From herein the fishing improved with browns spotted at regular intervals ll the way up to the next hut, depsite the slate grey skies and gusty wind making live a little dfficult.
Tim latched on to a beauty hump-backed jack that was one of the prettiest coloured fish either of us have ever seen – the pics don’t really do it justice…
The day warmed up, the wind dropped and the fish started looking up, hitting large terrestrials with explosive takes. And as often happens the further up a catchment you get, the fish started to get bigger too…
We topped the day off with eight fish to hand, a few spooked in tough conditions and a couple of blown opportunites – all in all not bad going in some pretty stunning surrounds.
A deer stalk along grasy flats that eveing revealed plenty of sign…
…and an unlucky stag a hunter had nailed some weeks before.
The next day we slogged it up over a saddle and down into another catchment where, instead of the comforts of a hut opted to camp beside the river where we thought our chances of running into a deer would be higher.
No deer but more fish…
…Followed by the long and weary walk….
I love Wellington!
Hey guys we have decided to push the entry date of the competition back until the end of April now as there have been a few issues with end of season fish not being able to be entered until a bit later. That said there have been some great fish rolling in so please make sure you get your entry in, to be in with a chance to win yourself some Riverworks gear.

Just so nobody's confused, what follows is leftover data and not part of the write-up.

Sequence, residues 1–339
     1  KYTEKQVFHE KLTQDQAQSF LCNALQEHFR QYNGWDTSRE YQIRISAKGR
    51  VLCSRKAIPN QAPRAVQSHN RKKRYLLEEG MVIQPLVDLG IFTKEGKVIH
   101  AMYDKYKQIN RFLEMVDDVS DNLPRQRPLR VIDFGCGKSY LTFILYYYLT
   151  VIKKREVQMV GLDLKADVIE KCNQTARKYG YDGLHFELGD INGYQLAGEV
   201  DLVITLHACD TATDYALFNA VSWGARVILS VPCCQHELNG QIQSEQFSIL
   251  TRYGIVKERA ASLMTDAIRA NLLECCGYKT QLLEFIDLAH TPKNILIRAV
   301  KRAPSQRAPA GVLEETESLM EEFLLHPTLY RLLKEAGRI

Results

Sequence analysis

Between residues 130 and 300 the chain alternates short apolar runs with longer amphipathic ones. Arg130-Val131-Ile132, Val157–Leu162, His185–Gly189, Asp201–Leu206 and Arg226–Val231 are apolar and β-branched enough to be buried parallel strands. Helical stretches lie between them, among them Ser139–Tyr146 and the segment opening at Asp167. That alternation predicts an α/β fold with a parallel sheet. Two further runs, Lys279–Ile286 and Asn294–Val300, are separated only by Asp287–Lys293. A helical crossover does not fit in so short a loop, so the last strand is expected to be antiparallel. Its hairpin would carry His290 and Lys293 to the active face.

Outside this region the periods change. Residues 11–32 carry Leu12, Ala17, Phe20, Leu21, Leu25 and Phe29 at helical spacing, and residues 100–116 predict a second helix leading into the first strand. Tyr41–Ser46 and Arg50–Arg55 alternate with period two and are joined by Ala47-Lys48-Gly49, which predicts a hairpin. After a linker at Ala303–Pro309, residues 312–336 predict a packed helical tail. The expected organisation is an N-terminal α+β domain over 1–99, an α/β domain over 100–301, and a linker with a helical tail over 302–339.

A few of the entries so far. Think you can do better?
We want to see your best fish of the 2011/12 season!
The Fish Of The Season competition will be open for entries until the 30th of March with the winner receiving a $50 Riverworks voucher.
We will select our favorite five entries to post up at the end of the month and we will then let you guys choose the winner. The fish we are looking for are not necessarily the biggest fish from this season, but other factors such as condition, colour, surroundings and difficulty will be taken in to consideration.
To enter please send in a photo and no more than a few lines on how your fish was caught.
The selected five finalists will be announced Saturday the 30th of April.
Entries must be submitted to: firstname.lastname@example.org
All entries will be considered and Riverworks New Zealand Terms and conditions apply. Entrants must have a New Zealand or Australian postal address and Riverworks New Zealand holds the right to make or overrule the final decision.
During a private fly-in fishing excursion into the Alaskan wilderness, the chartered pilot and fishermen left a cooler with bait in the plane.
A bear smelled it and did this to the plane…
The Pilot used his radio and had another pilot bring him two new tires, three cases of duct tape, and a supply of sheet plastic. He then patched the plane together, and FLEW IT HOME!
Best be going to sleep. V is good for the drive home but terrible when it’s 1.30am and you have work at 6.30. Have a great fishy weekend.
Ps. The dog burley is great. Didn’t see it until the fish was landed, must have put out a mean trail. The horiness of that alone and the amount of cops we saw are the best clues as to where we were.
Sorry about the late notice for those of you who weren’t already aware. The protection and survival of our waterways is a worthy cause that affects us directly as fishermen. For those of you in Wellington this weekend, this may worth going along to.